The bright red stems are pretty good indicator that a shrub is a red-twig dogwood (or closely related species).
The stems will have light tan “lenticels”, which are small, corky bumps or lines on plant stems or trunks that allow gases to interchange between the air and the interior plant cells.
The leaf shape and venation (vein pattern) are similar to eastern flowering dogwood, although the leaf may feel thicker and tougher.
The flower clusters are white, and each floret (tiny flower) has 4 petals and a reddish center.
In late summer, the flower clusters will develop into clusters of red berries, which will persist through the fall.
This week, we’re focusing on a vigorous little groundcover called creeping Jenny (Lysimachia nummularia). In our area, creeping Jenny is a part-shade perennial, which grows best in moist garden soils or containers. It should not be allowed to grow in areas where it could spread to natural habitats, as it can be a bit aggressive. It is ideal for planting around large stepping stones, as it can take some light foot traffic.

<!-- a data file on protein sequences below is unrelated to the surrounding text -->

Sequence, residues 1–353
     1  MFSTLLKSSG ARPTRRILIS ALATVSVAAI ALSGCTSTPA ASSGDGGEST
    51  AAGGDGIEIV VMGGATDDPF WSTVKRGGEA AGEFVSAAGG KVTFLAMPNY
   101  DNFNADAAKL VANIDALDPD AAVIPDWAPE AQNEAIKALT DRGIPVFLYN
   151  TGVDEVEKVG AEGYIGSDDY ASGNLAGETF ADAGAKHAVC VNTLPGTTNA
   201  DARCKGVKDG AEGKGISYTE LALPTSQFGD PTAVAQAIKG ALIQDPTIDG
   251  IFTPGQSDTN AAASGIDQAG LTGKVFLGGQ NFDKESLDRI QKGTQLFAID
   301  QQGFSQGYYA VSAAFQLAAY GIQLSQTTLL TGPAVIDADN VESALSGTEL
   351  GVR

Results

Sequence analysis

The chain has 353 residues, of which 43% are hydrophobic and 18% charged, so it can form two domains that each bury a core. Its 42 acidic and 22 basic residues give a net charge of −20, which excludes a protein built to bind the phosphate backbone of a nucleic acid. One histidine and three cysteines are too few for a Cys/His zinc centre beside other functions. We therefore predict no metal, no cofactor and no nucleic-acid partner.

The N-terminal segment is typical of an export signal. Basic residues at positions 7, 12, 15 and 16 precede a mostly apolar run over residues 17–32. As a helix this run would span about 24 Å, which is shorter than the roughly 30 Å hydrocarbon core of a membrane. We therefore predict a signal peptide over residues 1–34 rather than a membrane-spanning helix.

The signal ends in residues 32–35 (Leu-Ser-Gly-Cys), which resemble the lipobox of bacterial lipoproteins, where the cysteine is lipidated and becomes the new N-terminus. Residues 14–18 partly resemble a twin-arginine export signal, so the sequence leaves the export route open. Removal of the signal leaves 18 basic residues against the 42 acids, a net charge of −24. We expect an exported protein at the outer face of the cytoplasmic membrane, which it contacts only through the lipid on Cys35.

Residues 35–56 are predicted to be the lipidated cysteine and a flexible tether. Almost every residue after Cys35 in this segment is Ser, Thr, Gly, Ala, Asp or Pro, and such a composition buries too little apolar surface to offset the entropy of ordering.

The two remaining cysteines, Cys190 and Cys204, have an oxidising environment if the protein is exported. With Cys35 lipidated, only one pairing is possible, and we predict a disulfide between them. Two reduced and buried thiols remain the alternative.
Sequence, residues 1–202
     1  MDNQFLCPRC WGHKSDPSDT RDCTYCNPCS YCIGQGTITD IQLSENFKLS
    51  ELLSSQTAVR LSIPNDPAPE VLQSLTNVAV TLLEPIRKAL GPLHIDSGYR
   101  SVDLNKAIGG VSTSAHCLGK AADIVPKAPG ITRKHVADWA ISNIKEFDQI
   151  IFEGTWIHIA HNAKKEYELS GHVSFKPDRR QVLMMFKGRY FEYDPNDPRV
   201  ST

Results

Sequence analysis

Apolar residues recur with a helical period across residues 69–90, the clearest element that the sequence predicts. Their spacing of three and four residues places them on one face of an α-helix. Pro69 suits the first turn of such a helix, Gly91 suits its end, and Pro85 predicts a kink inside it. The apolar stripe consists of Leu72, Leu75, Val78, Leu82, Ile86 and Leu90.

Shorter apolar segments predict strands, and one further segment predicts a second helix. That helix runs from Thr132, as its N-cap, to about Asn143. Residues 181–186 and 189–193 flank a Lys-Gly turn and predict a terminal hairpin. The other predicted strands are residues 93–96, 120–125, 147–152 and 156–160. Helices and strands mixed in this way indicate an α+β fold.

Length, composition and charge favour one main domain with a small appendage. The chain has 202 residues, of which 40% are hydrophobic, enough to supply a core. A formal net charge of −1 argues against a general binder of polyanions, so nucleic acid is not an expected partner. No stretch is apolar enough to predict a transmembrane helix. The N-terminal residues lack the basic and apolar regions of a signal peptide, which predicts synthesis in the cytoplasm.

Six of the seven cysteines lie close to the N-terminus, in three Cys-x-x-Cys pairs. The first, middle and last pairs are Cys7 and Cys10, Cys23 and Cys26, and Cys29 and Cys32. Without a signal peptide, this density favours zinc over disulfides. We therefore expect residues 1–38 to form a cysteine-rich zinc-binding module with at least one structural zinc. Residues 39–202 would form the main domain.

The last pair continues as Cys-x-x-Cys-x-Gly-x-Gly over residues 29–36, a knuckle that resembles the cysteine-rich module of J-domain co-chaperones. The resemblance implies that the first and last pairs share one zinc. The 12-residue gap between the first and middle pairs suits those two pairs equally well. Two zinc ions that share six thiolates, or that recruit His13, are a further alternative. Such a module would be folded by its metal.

For best success, you should avoid planting creeping Jenny in areas with direct afternoon sunlight, as this can cause wilting and blanching of leaves. While it requires constant moisture, the soil should be well-drained and not boggy. Wet soils will lead to root rot. Heavily damaged foliage may be cut back if needed in late winter or early spring before new shoots appear.
Creeping Jenny is very easy to identify. The leaves are small, round, and arranged in flat, opposite pairs along creeping stems that stay low to the ground and will trail over walls or containers.
The flowers are small, yellow, and bell-shaped. The flowers often fade into the background of the bright trailing foliage, which is most often a chartreuse color in gardens (though it also comes in a medium green color). The foliage may turn bronze in winter.